Either way, I know my life is quite charmed as it is, even if nothing does change. Working only 2 days a week is the perfect balance to a healthy life and I have no desire for my livelihood to take any more time than this. If it is the Lord’s will that I exchange this this part job for a part time job as a mentor in a discipleship program, then I gladly accept. If not, all the better. It’s even possible that my workbook courses will be completed and no one ventures to take an actual course. I am find with this too. If I can count only myself as my student, then all the work will be worth it.
In all of it, no matter which way the wind might blow, I await the return of my King.
(1) Stephen C. Barton, “1 Corinthians,” in Eerdmans Commentary on the Bible, ed. James D. G. Dunn and John W. Rogerson (Grand Rapids, MI; Cambridge, U.K.: William B. Eerdmans Publishing Company, 2003), 1333.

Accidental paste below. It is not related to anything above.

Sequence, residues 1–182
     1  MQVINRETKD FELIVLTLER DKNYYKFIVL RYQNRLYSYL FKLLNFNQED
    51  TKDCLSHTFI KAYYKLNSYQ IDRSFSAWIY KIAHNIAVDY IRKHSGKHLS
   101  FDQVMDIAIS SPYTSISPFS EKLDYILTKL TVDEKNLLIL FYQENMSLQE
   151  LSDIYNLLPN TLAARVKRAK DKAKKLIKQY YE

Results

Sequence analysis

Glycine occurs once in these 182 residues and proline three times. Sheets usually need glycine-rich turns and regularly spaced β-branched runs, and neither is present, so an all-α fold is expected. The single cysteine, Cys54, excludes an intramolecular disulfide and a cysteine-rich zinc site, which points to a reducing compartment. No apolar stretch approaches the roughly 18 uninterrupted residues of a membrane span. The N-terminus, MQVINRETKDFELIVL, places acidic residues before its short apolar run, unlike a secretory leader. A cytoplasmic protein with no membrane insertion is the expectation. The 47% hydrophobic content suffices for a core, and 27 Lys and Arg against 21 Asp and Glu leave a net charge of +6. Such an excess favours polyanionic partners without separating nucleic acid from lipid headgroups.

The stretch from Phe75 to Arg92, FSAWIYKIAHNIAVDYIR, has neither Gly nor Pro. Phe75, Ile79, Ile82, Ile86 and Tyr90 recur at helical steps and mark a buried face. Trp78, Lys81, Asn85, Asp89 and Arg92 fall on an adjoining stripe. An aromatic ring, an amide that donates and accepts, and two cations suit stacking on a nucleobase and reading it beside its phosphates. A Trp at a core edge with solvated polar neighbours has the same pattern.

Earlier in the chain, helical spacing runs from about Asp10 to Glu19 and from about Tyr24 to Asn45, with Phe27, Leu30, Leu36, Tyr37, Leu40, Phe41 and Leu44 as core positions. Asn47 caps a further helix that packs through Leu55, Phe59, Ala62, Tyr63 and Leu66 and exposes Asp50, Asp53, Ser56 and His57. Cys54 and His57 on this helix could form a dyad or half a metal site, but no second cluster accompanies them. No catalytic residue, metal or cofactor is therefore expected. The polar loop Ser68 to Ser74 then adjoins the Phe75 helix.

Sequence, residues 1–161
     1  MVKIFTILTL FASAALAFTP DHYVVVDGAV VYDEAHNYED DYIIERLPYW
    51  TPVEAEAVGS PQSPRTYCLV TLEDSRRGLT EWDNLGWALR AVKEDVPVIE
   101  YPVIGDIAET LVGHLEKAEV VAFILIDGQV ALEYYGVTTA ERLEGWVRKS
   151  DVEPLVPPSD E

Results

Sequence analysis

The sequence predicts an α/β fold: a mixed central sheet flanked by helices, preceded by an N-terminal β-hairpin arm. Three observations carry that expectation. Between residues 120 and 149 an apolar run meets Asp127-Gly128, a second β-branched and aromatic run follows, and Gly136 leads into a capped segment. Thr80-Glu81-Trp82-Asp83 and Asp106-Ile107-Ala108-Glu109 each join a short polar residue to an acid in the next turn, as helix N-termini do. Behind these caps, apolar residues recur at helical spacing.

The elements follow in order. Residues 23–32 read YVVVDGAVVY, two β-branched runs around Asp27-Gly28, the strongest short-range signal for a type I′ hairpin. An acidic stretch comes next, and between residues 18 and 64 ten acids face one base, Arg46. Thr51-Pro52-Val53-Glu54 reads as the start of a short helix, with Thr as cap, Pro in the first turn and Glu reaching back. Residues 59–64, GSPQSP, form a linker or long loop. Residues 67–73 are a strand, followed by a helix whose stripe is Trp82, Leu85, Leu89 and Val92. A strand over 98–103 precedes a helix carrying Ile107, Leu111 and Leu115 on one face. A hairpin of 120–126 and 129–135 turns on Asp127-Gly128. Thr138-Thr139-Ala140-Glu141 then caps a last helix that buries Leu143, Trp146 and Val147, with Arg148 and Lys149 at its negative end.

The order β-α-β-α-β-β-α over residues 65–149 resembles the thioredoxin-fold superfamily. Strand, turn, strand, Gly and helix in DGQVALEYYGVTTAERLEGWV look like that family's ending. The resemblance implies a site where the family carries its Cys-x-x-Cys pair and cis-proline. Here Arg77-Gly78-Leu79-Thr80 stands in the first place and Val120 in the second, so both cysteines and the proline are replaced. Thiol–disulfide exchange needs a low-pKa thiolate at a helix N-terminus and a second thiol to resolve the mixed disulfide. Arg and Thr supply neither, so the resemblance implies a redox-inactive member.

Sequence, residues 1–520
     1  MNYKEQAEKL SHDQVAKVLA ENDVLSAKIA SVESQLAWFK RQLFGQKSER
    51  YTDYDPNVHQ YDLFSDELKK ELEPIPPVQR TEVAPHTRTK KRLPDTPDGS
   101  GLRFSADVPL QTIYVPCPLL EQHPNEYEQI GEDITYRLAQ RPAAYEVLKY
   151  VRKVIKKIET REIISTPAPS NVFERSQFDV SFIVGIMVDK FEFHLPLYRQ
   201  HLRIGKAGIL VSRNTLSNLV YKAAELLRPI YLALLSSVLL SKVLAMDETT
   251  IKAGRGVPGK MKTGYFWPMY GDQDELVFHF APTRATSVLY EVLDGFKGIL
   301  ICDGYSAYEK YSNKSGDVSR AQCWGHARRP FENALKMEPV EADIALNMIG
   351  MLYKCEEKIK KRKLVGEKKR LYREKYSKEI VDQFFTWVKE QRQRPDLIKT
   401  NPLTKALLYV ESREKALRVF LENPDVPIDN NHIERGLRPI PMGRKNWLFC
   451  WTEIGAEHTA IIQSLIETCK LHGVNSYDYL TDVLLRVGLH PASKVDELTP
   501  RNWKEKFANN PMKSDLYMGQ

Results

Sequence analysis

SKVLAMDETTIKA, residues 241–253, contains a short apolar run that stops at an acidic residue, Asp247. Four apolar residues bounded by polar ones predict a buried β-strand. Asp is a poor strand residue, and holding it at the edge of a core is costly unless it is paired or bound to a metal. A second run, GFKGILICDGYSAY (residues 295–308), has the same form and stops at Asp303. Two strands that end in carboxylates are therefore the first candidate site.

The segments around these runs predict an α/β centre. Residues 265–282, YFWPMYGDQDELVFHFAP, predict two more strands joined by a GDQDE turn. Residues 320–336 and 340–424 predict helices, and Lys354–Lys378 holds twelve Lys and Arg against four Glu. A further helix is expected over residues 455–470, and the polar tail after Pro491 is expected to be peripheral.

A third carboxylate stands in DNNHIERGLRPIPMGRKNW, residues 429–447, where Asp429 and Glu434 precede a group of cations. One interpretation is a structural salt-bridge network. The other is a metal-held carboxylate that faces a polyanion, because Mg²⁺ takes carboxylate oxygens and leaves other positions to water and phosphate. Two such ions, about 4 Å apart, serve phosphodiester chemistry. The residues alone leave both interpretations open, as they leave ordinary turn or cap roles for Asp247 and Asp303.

Please consider supporting my work, my unschooled studies, and my hermitic lifestyle by purchasing one or more of my books. I’m not supported by academia or have a lucrative corporate job – I’m just a mystical modern-day hermit trying to live out the life I believe God has called me to. So, any support you choose to provide is GREATLY appreciated.
Excerpt from Our Daughter:
“Okay, mom,” Randy said.
“You behave yourself and be nice. You’re lucky to have company while you wait for the doctors.”
The woman turned and started back the way she came.
“The nurse said it would be twenty or thirty more minutes, so we’ll eat quick and be back up here before they take you in, okay?”
“Sorry for him,” the woman said to Katie as she walked by.
As the woman left, Katie noticed the boy moving around again on the bed. Before she realized what was happening, the tiny lump disappeared and she could hear the faint sound of bare hands and feet on the tile floor.
He was low crawling under the beds toward her.
A moment later, Randy popped his head out from under the nearest hospital bed, craning his neck around to look up at her.
“Hello, there,” Katie said.
Randy disappeared back under the bed, the bed sheet draping down almost to the floor. Katie could still see three little fingers pressed to the tile.
“What are you here for?” Katie asked, readjusting her seat in the chair, trying to get the ache in her chest to lessen.